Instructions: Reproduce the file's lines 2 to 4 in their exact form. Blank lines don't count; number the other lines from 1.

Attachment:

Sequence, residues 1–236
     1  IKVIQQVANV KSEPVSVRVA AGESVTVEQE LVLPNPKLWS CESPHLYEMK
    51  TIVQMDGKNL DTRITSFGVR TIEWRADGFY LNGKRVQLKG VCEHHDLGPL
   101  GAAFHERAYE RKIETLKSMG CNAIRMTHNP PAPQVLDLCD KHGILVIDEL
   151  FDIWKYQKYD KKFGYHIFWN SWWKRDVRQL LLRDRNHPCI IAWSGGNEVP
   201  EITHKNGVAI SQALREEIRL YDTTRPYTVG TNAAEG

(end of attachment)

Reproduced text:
     1  IKVIQQVANV KSEPVSVRVA AGESVTVEQE LVLPNPKLWS CESPHLYEMK
    51  TIVQMDGKNL DTRITSFGVR TIEWRADGFY LNGKRVQLKG VCEHHDLGPL
   101  GAAFHERAYE RKIETLKSMG CNAIRMTHNP PAPQVLDLCD KHGILVIDEL